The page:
Add to that: who *is* the writer of Walls of Spyte? I only wrote a very small part of it. So all I can say now is that if I'd been the lead writer it would have been a very different book. Maybe not a better one, as far as the readers are concerned.

      I heard a rumour there may be a reissue of the Grey Star books, possibly with new titles to follow. Don't quote me, though - I'm not an insider to the Lone Wolfiverse (didn't even know Grey Star was part of that canon) so it could all be hearsay.

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    2. Since you note that you've written 90% of the previous four books, I'd say that you're the lead writer, maybe not of the last book, but certainly of the series. Whatever the original arrangement was, Blood Sword is your baby and your baby was born with defects in your eyes. The only thing to do now if figure a way to extract the time and money you need to give your baby the corrective surgery it needs. Clearly the folks on this board will be happy to help since they love your baby too.

      The Grey Star series is occurs at the same time as the Lone Wolf Basic Kai series, with both starting in MS 5050 though it takes place in Southern Magnamund. I'd like to see a reissue (including minor rewrites as there's a point in Book 1 that's almost unsurvivable without cheating to some degree) though its hard to see where the story would go after Book 4's fairly decisive conclusion.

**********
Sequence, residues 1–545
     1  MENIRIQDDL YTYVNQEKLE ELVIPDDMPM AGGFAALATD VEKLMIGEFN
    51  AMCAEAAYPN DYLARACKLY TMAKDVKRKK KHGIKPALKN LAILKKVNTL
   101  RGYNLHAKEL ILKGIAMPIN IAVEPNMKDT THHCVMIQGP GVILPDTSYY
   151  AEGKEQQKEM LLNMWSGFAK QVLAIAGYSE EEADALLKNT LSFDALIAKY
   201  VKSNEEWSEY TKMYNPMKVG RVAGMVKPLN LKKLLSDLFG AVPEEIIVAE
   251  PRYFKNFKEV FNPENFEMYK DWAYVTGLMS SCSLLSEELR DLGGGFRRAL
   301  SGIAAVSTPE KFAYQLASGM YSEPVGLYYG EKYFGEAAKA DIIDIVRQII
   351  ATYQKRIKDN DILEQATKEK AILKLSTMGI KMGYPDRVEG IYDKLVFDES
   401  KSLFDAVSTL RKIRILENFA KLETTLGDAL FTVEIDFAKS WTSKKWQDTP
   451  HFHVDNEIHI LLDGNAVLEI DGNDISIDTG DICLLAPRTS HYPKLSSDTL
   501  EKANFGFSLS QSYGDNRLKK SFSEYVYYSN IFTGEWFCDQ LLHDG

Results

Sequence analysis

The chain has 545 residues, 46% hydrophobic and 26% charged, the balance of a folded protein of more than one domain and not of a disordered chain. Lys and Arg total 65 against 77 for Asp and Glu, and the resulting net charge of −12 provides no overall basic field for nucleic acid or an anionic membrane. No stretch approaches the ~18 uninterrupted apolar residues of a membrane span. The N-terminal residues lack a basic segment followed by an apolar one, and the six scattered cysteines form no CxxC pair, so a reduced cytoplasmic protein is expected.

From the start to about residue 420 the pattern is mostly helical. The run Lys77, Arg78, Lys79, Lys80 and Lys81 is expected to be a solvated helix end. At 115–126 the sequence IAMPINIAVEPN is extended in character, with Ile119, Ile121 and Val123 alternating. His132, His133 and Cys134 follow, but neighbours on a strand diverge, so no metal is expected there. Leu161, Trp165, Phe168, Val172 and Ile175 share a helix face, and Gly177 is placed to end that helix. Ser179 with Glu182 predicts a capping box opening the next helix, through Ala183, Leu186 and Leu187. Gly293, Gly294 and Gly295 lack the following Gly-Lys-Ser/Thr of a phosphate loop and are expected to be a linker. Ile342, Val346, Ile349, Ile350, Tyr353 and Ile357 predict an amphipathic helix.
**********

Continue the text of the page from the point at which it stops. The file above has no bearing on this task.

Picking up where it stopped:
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    3. I wonder if RTD ever winces when he's watching a Moffat episode of Dr Who. Probably whenever those pesky Weeping Angels make yet another appearance. But his involvement ended when he resigned as show runner. I was show runner of Blood Sword through books 1-4, then handed over to Oliver for book 5. Coming off editing those first four, I was initially bothered by the sharp change to D&D-style adventure in Walls of Spyte, but increasingly I'm just thinking, OK, I told the story I wanted to, and where it went after that isn't my business.

      As for Grey Star... Really, I'm not kidding, I know nothing. I didn't even know the years were prefixed MS. But if I hear any rumours from those in the know, I'll pass them on.

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  9. For my 2 cents worth, I say give it a polish and get it published. Ultimately this is a reissue of a work originally written around 30 years ago. If you change it too much it becomes a different book. In which case, why not just write a different book?

    I suspect you're a much more harsh critic than your readers are Dave, so you're probably looking to make something perfect written back when you were a much younger man. Ask any producer of creative work and they're bound to wish for the same opportunity. Of course, with books you *do* have that opportunity, but frankly I'd much rather see you spending your weekends on a new VR title.